You are most likely reading this – and we’re so pleased that you are – without realising how lucky you are to be able to do so. Yes, this will turn into a great story, but that’s not what I mean.
According to Michael Gove, ‘more than a fifth of children’ leave primary school without reaching ‘a basic level of literacy and numeracy’: reading isn’t something we should ever take for granted, a fact which the National Literacy Trust is only too aware.
1 in 6 people in the UK struggle with literacy according to the National Literacy Trust (NLT). As a result, the NLT is dedicated to establishing literacy programs in disadvantaged communities and schools, and campaigning for awareness of their cause.
Kumon Educational, the UK’s largest supplementary education provider, has recognised the value of NLT’s contribution and has consequently nominated them to be its Corporate Social Responsibility Partner for 2014. Both organisations place a huge emphasis on the importance of children learning to read for pleasure; their shared values make them an inevitable partnership.
Together, NLT and Kumon are doing some wonderful things and making a huge difference to thousands of young lives, including their fundraising activities to raise as much money as possible to support children with literacy difficulties.
Among these fundraising activities was Kumon’s annual fun run. On Sunday 16 March, more than 1,200 people took part dressed in glasses, stripy red hats and jumpers, in accordance with the ‘Where’s Wally?’ theme of the day.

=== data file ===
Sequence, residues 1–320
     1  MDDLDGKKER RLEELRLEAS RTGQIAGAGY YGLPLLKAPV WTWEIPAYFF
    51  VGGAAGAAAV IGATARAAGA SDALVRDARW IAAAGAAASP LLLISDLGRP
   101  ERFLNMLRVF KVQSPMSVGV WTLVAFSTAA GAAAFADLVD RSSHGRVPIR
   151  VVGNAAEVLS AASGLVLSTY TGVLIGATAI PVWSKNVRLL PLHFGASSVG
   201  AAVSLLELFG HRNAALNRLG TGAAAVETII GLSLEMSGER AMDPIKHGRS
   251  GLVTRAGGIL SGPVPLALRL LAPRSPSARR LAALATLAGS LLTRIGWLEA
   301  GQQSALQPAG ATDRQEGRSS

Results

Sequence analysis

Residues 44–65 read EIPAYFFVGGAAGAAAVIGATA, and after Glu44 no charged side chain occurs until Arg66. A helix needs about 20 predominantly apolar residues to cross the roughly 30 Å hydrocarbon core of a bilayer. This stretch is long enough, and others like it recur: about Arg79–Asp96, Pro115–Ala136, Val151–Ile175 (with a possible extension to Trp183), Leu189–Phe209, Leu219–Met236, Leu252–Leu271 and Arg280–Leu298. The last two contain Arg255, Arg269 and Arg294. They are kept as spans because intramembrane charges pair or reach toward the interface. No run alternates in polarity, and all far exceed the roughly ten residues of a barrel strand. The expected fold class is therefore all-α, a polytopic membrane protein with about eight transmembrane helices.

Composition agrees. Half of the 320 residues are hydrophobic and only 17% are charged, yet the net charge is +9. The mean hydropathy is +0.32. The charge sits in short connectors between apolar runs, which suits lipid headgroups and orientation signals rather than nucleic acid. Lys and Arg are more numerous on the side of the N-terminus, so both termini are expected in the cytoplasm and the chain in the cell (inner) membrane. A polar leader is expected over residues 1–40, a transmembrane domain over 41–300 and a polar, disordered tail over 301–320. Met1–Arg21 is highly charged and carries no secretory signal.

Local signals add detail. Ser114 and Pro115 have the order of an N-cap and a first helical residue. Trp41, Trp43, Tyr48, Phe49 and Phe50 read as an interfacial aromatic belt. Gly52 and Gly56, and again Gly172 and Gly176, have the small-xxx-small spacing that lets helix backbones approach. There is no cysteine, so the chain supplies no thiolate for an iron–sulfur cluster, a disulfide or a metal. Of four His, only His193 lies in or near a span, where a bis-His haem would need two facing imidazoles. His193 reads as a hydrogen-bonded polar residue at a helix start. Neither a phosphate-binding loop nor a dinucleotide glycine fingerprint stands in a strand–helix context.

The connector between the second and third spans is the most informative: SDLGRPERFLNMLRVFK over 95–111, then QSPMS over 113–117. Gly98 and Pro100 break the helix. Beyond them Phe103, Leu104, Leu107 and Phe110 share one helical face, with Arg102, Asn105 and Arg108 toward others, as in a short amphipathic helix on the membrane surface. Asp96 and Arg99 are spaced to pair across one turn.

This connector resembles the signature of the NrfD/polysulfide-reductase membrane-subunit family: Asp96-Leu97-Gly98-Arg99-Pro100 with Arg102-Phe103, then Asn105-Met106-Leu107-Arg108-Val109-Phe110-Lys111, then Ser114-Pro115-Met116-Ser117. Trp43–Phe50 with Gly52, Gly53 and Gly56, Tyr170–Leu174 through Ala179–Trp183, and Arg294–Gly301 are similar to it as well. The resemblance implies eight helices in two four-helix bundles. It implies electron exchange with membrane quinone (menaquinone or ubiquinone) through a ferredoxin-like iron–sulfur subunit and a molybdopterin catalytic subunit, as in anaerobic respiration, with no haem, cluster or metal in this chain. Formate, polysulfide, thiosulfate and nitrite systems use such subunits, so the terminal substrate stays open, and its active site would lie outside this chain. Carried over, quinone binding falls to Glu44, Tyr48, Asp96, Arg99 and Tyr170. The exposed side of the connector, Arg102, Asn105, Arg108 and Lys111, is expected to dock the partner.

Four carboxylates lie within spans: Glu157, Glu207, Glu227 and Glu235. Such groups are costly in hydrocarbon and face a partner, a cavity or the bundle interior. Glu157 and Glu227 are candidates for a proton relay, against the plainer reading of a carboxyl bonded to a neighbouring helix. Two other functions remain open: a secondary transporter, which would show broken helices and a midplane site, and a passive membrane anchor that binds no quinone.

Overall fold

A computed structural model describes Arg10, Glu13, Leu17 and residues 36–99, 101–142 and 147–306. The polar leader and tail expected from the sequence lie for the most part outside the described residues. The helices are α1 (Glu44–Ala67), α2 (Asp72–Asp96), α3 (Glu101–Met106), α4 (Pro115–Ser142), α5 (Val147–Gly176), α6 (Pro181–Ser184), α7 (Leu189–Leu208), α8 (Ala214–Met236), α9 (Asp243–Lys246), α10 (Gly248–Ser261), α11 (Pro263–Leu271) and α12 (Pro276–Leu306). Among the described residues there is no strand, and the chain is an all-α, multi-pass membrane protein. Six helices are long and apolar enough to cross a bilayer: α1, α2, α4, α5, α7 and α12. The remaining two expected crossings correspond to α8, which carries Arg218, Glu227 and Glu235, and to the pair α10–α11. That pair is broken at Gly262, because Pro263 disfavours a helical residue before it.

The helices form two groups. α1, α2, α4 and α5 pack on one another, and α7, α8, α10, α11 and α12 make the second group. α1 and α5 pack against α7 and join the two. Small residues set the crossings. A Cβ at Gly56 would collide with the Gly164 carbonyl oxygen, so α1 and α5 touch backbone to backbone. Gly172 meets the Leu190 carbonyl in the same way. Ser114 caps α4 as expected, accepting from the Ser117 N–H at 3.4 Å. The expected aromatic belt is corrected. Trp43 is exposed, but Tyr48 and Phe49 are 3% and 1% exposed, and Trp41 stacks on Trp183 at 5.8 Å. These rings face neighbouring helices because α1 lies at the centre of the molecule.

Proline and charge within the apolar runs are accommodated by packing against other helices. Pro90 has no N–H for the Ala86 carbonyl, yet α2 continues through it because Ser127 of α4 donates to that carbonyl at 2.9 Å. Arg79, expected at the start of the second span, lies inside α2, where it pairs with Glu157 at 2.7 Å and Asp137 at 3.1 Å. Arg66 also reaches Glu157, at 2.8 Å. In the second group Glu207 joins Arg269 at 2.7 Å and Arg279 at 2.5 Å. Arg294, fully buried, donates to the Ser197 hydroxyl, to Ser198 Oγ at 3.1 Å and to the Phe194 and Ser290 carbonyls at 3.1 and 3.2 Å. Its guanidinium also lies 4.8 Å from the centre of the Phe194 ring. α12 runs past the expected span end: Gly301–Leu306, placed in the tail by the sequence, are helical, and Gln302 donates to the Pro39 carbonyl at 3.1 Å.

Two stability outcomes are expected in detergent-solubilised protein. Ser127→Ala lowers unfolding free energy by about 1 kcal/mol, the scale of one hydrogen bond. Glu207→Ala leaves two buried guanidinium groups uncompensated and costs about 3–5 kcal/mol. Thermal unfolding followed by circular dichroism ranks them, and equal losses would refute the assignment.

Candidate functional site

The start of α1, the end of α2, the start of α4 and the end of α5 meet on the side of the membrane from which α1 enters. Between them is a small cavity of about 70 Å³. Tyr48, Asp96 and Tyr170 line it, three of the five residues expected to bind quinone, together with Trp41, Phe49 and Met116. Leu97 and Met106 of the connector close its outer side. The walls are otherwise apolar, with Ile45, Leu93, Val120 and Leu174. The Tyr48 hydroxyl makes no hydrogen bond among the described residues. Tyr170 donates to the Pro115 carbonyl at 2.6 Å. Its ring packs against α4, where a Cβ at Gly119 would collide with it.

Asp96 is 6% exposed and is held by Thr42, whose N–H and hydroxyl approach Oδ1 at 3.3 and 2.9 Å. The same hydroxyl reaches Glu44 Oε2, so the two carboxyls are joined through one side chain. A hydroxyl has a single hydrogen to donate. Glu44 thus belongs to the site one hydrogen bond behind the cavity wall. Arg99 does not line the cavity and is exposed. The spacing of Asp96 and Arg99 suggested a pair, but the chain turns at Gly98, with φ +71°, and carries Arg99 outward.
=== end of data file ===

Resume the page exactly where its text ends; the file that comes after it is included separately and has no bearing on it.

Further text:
At varying speeds, the group of Wallys finished the five or 10km fun run with delight. Kumon UK’s Business Support and Legal Services Administrator, Mischa Kursar, said it was ‘a fantastic chance to get fit, raise money for the National Literacy Trust, and a brilliant excuse to dress up as a beloved children’s character.’
In just four months, the partnership has raised £9,000, and their fundraising efforts continue. A particularly creative project is NLT’s ‘Books about Town’, for which they are working with Wild in Art. The idea is to decorate benches around the streets of London so that they look like open books. The installations have been dotted around London this summer.
The initiative is designed to explore the city’s literary connections, and is part of the Kumon Summer Festival of Reading; Kumon has sponsored a Mary Poppins themed bench, designed by Central St Martins College of Art student, Darel Seow.
Darel explained his pleasure at helping to ‘incorporate fun into education’. Mary Poppins herself was at the bench on Sunday 6 July, where she gave away 100 copies of the much-loved children’s book by one of the nation’s favourite authors, P. L. Travers.
By bringing literature to the streets, the NLT and Kumon Educational are attempting to share a love of reading with children. This reflects their view that a love of reading from an early age allows kids the chance to discover more about the world around them and themselves as people, a greater empathetic understanding of different cultures, and the privilege of escapism.
Reading is also the foundation of education, which Kumon and the NLT firmly believe is the first step towards breaking the poverty cycle. In this way, both organisations are making a great difference to the lives of disadvantages children, one book at a time.
To find out more about the Kumon UK summer festival of reading, click HERE.
For more information about Kumon Educational click HERE.
To learn more about the National Literacy Trust please click HERE.